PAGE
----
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Engaging with Truth

JeroenJeroen Luminous beings are we, not this crude matterNetherlands Veteran

Another goal that teachers like to hold up as important is Truth, and I have a few words to offer about that as well.

“No thought is true.”
— Ram Dass

It seems to me that Ram Dass is right about that, the contents of the mind are essentially concerned with the world or with other thoughts, and it is all impermanent. Lao Tzu was on this path as well, “the Tao that can be spoken is not the Tao.” It is tempting to think that the mind can produce thoughts which are true, such as ‘what goes up must come down’, but it’s all just play of the mind and the world.

If you regard the truth of our existence then I think the dhamma comes closest. There are areas of being where an education in the dhamma fundamentally changes the way you perceive things, whether they are of this world or another world. But even then they are still thoughts, subject to disappearing when the body dies.

Real, lasting Truths seem to me to be linked to being, not thinking.

Comments

  • JasonJason God Emperor Arrakis Moderator
    edited November 24

    In the ultimate sense, I think this is accurate. Words, ideas, etc. point to truth and can be more or less representative of it, but can never fully reflect it. Language has limits to what it can express, but it can be a good approximation to help us understand, like the finger pointing to the moon. Conventionally, we can speak more authoritatively about truth, e.g., 2 + 2 = 4 is true, 2 + 2 = 5 is false. But to speak of the ultimate truth of numbers and their inherent existence, we begin to run into problems via the limits of language, concepts, etc. Even the likes of Bertrand Russell had difficulty in formulating the logical foundation of mathematics and its ultimate truth. All attempts may point in the right direction, but they are not in themselves Truth. And I think I'd agree that, "Real, lasting Truths seem to me to be linked to being, not thinking," which is why I'm sympathetic to the Buddhist distinction between relative truth and ultimate truth—the former is the realm of human conventions, distinctions, etc., the latter is over and above us and yet we participate within in it (God, Nature, Dhamma, Tao, etc.).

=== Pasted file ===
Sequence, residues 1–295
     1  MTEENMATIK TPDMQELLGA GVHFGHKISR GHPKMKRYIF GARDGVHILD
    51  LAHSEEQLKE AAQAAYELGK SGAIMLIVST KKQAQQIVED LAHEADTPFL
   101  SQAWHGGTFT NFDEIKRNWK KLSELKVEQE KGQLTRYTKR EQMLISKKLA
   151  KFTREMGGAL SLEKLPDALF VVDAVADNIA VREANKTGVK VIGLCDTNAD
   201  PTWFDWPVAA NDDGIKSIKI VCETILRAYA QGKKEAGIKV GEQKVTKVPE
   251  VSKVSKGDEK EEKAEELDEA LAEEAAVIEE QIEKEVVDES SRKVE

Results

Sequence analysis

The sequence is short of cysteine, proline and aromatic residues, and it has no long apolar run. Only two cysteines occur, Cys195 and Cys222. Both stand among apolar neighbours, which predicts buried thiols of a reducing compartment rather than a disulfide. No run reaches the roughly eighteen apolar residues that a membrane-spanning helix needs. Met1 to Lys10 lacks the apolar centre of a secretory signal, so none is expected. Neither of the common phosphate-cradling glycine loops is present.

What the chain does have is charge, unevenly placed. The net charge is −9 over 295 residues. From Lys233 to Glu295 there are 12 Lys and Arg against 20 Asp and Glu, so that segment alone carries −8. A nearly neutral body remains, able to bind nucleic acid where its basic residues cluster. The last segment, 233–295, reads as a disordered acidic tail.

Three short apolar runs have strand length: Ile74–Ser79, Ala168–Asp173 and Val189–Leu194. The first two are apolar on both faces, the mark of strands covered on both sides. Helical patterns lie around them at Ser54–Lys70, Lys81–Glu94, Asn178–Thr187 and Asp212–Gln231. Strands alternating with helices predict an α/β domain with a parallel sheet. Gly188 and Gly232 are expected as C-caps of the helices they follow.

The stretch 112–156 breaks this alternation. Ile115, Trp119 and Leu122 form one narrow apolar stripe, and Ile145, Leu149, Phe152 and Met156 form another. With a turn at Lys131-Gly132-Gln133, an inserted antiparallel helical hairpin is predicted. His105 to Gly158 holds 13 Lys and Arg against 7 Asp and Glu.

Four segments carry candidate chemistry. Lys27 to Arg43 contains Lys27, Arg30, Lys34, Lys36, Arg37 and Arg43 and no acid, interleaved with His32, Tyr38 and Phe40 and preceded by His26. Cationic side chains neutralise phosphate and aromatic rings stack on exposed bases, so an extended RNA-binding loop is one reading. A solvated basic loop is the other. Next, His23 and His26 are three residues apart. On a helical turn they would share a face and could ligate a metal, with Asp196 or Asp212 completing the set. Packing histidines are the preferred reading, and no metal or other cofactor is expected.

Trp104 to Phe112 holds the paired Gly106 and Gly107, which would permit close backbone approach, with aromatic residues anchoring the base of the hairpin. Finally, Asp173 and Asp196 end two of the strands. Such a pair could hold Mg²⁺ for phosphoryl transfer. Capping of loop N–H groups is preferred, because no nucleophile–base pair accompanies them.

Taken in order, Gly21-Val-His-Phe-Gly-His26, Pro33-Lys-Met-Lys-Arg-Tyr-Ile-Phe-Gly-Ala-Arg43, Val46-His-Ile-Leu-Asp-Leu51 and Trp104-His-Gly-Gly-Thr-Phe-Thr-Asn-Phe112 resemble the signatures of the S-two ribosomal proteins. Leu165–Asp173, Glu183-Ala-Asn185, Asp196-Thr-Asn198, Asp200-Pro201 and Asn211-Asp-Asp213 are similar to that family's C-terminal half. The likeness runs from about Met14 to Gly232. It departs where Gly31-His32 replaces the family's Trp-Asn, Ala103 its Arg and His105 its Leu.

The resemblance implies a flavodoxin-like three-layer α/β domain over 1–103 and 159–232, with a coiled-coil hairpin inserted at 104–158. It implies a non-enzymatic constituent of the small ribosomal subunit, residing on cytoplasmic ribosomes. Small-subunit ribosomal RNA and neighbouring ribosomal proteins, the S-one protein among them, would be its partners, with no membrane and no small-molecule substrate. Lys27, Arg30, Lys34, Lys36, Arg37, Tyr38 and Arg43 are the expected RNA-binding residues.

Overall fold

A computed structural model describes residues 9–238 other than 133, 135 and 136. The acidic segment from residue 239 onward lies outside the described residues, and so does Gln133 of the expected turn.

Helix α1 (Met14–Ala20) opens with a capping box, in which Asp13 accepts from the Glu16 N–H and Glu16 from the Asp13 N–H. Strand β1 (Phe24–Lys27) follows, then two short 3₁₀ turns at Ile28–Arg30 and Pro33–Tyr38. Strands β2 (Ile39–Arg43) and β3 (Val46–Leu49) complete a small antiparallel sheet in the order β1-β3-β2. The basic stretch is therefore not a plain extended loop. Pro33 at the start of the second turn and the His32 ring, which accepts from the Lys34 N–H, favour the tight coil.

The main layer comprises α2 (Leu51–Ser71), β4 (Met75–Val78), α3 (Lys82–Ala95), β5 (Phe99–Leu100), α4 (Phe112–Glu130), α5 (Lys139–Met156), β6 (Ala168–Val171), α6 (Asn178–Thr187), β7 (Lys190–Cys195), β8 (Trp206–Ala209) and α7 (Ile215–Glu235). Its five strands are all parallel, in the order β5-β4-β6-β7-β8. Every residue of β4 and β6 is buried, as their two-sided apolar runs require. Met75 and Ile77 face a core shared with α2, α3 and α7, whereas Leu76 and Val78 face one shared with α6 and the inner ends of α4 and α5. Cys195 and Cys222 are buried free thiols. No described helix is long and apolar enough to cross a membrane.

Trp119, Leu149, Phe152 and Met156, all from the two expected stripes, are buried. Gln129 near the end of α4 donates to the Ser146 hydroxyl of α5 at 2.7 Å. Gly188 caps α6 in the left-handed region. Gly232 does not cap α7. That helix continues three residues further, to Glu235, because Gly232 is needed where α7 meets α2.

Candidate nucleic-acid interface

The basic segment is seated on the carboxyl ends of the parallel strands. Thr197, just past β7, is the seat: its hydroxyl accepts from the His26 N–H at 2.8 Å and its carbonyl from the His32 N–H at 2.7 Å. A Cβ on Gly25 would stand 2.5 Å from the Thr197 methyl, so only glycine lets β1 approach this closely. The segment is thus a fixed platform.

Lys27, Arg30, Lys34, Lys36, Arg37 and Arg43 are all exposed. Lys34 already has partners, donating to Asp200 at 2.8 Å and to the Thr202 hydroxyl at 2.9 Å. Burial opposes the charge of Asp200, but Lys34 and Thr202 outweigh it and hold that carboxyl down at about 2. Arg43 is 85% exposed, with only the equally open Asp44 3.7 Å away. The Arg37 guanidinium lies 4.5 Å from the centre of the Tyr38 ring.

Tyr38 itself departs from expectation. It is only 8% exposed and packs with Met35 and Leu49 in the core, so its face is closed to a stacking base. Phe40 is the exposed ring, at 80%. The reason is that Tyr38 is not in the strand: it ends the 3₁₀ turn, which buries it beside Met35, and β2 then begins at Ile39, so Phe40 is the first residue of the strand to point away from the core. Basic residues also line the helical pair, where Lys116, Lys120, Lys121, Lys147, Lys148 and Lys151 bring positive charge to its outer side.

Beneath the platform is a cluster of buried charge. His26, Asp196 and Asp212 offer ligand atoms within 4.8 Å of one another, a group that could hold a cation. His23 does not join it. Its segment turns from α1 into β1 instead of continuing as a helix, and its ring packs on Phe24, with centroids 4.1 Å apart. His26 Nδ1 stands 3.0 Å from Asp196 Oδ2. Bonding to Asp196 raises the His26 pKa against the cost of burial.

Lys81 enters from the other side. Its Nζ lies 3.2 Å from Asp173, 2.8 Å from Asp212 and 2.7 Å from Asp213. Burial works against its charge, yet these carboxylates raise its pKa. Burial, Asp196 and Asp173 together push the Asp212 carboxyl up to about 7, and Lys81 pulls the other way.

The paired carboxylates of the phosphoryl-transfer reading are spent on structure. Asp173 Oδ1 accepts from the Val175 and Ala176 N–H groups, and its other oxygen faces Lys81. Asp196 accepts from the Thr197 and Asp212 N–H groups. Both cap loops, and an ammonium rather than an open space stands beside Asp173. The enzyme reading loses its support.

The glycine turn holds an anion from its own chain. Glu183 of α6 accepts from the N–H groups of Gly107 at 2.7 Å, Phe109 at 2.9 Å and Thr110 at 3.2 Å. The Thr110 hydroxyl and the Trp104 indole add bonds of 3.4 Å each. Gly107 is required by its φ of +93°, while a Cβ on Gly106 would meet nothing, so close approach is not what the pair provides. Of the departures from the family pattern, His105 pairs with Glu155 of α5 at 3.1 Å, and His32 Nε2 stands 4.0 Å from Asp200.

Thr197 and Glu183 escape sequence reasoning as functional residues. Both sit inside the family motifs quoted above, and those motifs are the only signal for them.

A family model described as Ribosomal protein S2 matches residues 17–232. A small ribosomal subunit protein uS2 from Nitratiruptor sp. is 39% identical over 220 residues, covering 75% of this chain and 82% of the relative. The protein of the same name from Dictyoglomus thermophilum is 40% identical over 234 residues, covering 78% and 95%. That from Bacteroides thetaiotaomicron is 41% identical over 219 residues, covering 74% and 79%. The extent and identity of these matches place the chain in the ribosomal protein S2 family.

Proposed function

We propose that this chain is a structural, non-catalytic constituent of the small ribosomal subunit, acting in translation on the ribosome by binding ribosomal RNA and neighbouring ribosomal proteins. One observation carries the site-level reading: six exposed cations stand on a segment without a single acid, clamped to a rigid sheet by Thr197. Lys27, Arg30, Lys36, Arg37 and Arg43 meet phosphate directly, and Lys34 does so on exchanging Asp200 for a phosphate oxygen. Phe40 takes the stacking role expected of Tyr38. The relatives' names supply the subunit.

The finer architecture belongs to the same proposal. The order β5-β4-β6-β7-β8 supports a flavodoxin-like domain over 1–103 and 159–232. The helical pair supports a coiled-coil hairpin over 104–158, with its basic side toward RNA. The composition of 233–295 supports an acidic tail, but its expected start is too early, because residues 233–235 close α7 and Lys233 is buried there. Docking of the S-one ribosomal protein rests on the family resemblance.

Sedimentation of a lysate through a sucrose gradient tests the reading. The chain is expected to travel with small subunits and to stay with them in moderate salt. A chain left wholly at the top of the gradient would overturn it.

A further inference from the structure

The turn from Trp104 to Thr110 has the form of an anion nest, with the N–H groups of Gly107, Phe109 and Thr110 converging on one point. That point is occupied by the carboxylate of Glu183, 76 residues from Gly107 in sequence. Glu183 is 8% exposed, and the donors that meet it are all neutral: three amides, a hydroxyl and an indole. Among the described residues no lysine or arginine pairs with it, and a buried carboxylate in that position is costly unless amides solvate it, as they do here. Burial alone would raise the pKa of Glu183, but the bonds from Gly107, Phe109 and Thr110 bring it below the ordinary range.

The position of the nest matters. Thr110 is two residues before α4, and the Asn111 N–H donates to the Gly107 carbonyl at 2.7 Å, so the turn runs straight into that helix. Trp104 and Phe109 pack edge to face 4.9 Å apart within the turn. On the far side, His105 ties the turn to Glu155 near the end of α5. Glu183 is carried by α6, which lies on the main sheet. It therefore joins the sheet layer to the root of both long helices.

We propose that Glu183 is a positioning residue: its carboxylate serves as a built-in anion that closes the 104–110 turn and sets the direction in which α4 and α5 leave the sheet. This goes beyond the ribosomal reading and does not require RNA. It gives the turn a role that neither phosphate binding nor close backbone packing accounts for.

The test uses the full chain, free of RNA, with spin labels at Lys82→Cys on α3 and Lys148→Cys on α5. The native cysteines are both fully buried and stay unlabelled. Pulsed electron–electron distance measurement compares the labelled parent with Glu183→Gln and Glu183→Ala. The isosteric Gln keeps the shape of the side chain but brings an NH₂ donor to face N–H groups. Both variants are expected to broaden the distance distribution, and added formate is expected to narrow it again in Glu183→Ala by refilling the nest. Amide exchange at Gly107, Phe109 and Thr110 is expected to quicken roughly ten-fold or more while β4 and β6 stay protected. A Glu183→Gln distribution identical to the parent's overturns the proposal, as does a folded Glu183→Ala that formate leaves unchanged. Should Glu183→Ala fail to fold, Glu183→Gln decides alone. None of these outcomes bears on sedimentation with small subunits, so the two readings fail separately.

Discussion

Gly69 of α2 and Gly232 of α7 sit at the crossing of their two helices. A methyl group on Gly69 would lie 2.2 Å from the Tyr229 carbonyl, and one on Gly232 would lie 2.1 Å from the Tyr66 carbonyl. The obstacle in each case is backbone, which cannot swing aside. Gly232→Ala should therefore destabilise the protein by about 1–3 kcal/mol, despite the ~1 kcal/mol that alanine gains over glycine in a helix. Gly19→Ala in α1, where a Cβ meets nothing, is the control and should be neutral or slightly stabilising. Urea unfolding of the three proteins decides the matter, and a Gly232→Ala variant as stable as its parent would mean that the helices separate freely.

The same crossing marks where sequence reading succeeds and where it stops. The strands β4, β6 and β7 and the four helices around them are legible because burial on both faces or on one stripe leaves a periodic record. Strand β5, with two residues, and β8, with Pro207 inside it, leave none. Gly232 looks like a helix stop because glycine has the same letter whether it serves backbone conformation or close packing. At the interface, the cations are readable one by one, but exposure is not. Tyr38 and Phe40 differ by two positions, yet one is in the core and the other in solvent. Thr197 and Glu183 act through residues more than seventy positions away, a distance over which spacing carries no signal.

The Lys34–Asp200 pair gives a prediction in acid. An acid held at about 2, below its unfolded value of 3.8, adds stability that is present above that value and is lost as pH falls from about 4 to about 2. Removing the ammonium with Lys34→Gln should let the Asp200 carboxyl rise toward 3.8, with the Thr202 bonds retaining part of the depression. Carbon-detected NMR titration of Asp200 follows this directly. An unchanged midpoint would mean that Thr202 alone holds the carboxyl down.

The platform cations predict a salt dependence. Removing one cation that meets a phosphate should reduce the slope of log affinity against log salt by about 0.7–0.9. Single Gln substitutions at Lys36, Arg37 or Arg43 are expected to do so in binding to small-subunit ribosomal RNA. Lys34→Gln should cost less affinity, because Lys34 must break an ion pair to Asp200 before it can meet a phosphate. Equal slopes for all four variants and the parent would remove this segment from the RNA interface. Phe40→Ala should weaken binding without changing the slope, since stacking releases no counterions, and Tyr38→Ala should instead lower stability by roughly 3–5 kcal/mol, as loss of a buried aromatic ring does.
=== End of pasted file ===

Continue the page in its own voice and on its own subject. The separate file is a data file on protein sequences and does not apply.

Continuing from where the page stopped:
person
  • personperson Don't believe everything you think the liminal space Veteran
    edited November 25

    I also think contextualizing it in terms of the Two Truths is closer to Buddhist understanding. Ultimately things are relative, but not everyway of building a bridge is equally valid.

    The path to walk contains both understandings. In the Tibetan Gelug school it is very emphasized that they aren't even really two things. The only way for the conventional world to exist is if it is empty, things need to flow and change. Discrete, solid things can't do that. And emptiness isn't some substrate below or behind the conventional that would still nonexist if the conventional world were gone. Emptiness is thought of more as a property of the conventional world. Its the experiential realization of this that brings enlightenment.

    The Kagyu and Nyingma do see it differently, that emptiness is more like @Jason describes. But the two views can be squared by saying that the Gelug view is an ontological understanding and the others are a phenomenological view.